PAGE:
Chin J Plant Ecol ›› 2009, Vol. 33 ›› Issue (6): 1208-1219.DOI: 10.3773/j.issn.1005-264x.2009.06.022

• Original article • Previous Articles     Next Articles


XU Zhen-Feng1,2, YIN Hua-Jun1, ZHAO Chun-Zhang1, CAO Gang1, WAN Ming-Li1, LIU Qing1,*()   

  1. 1 Chengdu Institute of Biology, Chinese Academy of Sciences, Chengdu 610041, China
    2 Graduate University of Chinese Academy of Sciences, Beijing 100049, China
  • Received:2009-04-02 Accepted:2009-07-13 Online:2009-11-30 Published:2021-04-29
  • Contact: LIU Qing


Litter decomposition in terrestrial ecosystems, an important process in the global carbon budget, is mainly controlled by climate, litter quality and soil organisms. Scientists generally think that global warming could have profound and complicated effects on litter decomposition in terrestrial ecosystems. In this review, we summarized results from microcosm studies,in situ artificial warming experiments and natural gradient research to evaluate direct effects (temperature increment on litter decomposition rates) and indirect effects (temperature increment on litter quality, soil organisms and vegetation) of global warming on litter decomposition in terrestrial ecosystems. Each method of study indicated that temperature elevation can often increase litter decomposition rates when litter moisture is maintained. Experimental warming studies implied that litter decomposition rates vary among species, methods and geographical sites. Global warming is likely to alter litter quality and decomposability, but these changes will not influence short-term litter decomposition rates. Interspecific differences in litter quality and decomposability are dramatically stronger than warming-induced differences. Thus, warming-induced changes in species composition and community structure may have stronger impacts on litter decomposition processes in terrestrial ecosystems. Effects of warming-induced changes in soil organisms on litter decomposition are highly uncertain.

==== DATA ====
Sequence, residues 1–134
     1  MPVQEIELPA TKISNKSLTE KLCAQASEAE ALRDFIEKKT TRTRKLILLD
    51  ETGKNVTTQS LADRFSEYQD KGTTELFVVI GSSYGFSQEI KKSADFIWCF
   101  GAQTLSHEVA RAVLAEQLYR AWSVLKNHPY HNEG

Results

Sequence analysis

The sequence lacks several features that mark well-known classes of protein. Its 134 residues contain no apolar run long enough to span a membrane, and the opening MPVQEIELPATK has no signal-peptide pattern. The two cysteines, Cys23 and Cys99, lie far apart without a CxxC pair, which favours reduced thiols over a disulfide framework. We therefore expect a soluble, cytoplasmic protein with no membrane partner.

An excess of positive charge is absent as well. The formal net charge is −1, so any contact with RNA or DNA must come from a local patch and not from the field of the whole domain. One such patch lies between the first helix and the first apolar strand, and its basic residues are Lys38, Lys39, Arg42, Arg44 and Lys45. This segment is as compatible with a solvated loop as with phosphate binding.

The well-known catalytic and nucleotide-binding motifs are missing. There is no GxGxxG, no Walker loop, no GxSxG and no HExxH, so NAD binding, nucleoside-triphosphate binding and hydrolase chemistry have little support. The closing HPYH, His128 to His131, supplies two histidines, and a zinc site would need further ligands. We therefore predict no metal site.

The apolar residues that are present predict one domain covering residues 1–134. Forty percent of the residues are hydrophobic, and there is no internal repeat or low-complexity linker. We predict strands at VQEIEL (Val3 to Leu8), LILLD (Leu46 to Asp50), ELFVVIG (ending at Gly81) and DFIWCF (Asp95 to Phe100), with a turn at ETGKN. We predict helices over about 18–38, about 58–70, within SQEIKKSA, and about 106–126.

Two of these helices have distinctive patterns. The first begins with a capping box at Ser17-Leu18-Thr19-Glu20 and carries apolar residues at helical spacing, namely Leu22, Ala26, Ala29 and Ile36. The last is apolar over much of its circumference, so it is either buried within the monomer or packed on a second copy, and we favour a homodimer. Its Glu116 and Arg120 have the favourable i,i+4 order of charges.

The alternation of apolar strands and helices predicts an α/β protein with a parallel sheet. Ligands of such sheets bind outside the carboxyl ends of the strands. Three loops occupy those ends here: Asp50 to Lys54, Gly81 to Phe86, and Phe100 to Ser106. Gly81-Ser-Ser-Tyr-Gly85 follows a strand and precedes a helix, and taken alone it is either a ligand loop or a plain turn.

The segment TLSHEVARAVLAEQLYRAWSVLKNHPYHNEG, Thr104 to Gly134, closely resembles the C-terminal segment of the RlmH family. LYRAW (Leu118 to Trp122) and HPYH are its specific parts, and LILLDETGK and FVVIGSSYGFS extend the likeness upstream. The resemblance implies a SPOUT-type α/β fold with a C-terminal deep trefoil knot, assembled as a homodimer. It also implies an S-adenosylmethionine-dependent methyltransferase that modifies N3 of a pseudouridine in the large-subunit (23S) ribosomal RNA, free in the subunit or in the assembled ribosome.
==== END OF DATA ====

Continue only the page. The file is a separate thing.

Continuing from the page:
Key words: litter decomposition, global climate change, microcosm study, simulated global warming, gradient studies, litter quality, soil organism, plant functional types